WE publish above, from a recent
photograph, a portrait of COLONEL. ELLSWORTH, the commander of the Fire Zouaves
of this city. Colonel Ellsworth's face and gallant bearing are well known to
most of our citizens, and they will be glad to meet him once more in our pages.
The Colonel is quite a young man,
being only about twenty-seven years of age. He is a native of New England, and
studied for a time at West Point, acquiring the usual proficiency in the manual
of military exercise and the use of arms.
Some years ago he removed to
Chicago, Illinois, and settled there. His love for military pursuits still
endured, and conceiving—shortly after the Crimean war—a decided opinion that the
Zouave tactics were more practically efficient than those of our ordinary light
infantry, he set to work to raise a corps of Zouaves in Chicago. Some forty or
fifty young men joined his company, and he devoted himself to drilling them. In
the course of a year or so, they arrived at such a pitch of perfection both in
the light infantry drill and in the Zouave tactics, that many of their friends
were anxious that they should visit the East to show what Chicago could do.
Accordingly, in July, 1860, they left Chicago on a pleasure tour.
On 14th July they arrived in this
city, after a triumphant progress through the Western States. At that time the
Zouave drill was new to most of us. The fantastic dress of our visitors, their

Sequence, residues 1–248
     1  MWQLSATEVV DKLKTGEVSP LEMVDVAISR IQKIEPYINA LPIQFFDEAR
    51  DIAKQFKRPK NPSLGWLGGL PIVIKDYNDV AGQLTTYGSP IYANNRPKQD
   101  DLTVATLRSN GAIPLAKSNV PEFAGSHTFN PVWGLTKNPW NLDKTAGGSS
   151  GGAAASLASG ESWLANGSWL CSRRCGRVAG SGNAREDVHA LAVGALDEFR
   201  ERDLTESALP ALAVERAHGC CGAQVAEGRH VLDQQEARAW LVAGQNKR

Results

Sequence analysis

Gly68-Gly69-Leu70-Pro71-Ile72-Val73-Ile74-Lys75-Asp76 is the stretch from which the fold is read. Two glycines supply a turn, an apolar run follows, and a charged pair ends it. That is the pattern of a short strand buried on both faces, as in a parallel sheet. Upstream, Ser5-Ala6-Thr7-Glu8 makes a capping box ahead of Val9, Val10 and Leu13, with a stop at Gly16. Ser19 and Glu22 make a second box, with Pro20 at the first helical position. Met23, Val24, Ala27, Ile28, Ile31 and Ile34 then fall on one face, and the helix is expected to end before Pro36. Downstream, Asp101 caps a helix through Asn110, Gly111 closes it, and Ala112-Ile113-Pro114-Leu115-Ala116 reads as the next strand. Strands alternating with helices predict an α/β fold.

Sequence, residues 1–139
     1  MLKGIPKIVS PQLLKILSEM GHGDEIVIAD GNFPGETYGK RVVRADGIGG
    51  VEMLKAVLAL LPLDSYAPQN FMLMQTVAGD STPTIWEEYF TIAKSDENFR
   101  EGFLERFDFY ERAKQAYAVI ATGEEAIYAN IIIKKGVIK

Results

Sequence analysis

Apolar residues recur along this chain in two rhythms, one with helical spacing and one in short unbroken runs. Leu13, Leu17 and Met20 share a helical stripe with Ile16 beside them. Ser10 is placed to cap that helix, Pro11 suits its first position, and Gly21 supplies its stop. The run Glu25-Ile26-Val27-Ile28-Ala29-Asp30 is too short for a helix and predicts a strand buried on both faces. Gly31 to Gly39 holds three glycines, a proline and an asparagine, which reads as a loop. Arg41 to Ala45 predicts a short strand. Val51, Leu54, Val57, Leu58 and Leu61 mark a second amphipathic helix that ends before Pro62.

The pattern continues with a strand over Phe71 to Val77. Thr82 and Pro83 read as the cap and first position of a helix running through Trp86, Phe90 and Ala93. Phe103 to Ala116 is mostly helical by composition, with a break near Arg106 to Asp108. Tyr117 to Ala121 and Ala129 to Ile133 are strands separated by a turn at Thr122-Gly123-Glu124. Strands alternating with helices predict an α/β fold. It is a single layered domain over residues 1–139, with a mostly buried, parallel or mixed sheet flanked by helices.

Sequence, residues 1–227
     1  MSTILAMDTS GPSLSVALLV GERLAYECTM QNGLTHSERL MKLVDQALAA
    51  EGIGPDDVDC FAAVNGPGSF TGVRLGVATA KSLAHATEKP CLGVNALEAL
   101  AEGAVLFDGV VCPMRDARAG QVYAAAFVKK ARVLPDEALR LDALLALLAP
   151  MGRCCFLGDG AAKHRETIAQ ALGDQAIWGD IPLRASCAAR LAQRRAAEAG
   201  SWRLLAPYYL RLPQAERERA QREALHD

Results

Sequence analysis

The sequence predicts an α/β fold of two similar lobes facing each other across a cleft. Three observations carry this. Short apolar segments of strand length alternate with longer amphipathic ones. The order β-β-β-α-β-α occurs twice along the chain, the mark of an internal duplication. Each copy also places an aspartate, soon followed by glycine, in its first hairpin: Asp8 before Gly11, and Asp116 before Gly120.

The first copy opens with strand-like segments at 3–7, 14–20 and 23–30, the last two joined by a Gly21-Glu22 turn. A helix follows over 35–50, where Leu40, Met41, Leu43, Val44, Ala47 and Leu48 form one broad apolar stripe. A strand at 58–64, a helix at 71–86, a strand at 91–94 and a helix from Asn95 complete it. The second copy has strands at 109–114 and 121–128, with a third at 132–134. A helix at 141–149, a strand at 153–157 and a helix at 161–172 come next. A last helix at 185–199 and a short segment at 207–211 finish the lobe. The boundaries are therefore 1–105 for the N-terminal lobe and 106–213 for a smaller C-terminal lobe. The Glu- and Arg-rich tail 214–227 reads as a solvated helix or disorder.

strange evolutions, and the masterly precision of their drill, attracted general
attention not only among military mien, but among the public at large. All the
Colonels of our crack city regiments attended their exhibitions, and studied
Colonel Ellsworth's maneuvers, and at last, so great was the desire of our
ladies to witness the Chicago boys, that an exhibition was given for them in the
Academy of Music which was crammed by the elite of society. Colonel Ellsworth
may safely be described as the Father of the Zouave drill in the United States.
At the present time, there are several thousand well-drilled Zouaves in the
North and West.
On his return home, the young
Colonel was of course much feted by his Fellow-citizens, and new Zouave
Companies were formed on the model of his.
Among other persons who paid him
marked attention was
Mr. Lincoln, then merely a candidate for the Presidency.
After the election
Mr. Lincoln signaled his intention of attaching Colonel
Ellsworth to his person ; and when, in February last, he departed on his journey
to Washington, Colonel Ellsworth was invited to form one of his escort. He was,
the reporters tell us, one of the most useful of the party, ever watchful of Mr.
Lincoln's person, and always in good temper and ready for any thing that could
render the journey pleasant.
It was generally supposed that
Colonel Ellsworth would be placed in a prominent position in the War Department
under Mr. Lincoln. It is understood that his claims were urged by
Sumner, and that some post—perhaps the Chief Clerkship—was mentioned in
connection with his name. It is not likely, however, that he sought any such
inglorious berth. On the outbreak of the war he sought active service. And
having had an opportunity of judging what excellent material for soldiers was
contained in the New York Fire Department, he bethought himself of forming out
of them a Zouave Regiment.
The idea was a happy one. Our
firemen, brave as steel, would be restive under the stiff restraints of light
infantry tactics, whereas the comparative freedom and dash of the Zouave drill
suit them exactly. In the course of a couple of days over a thousand firemen
volunteered. Some ten companies were accepted, the regiment was formed, and sent
to Fort Hammilton for drill. They have since left for Washington, and, whatever
happens, will doubtless give a good account of themselves,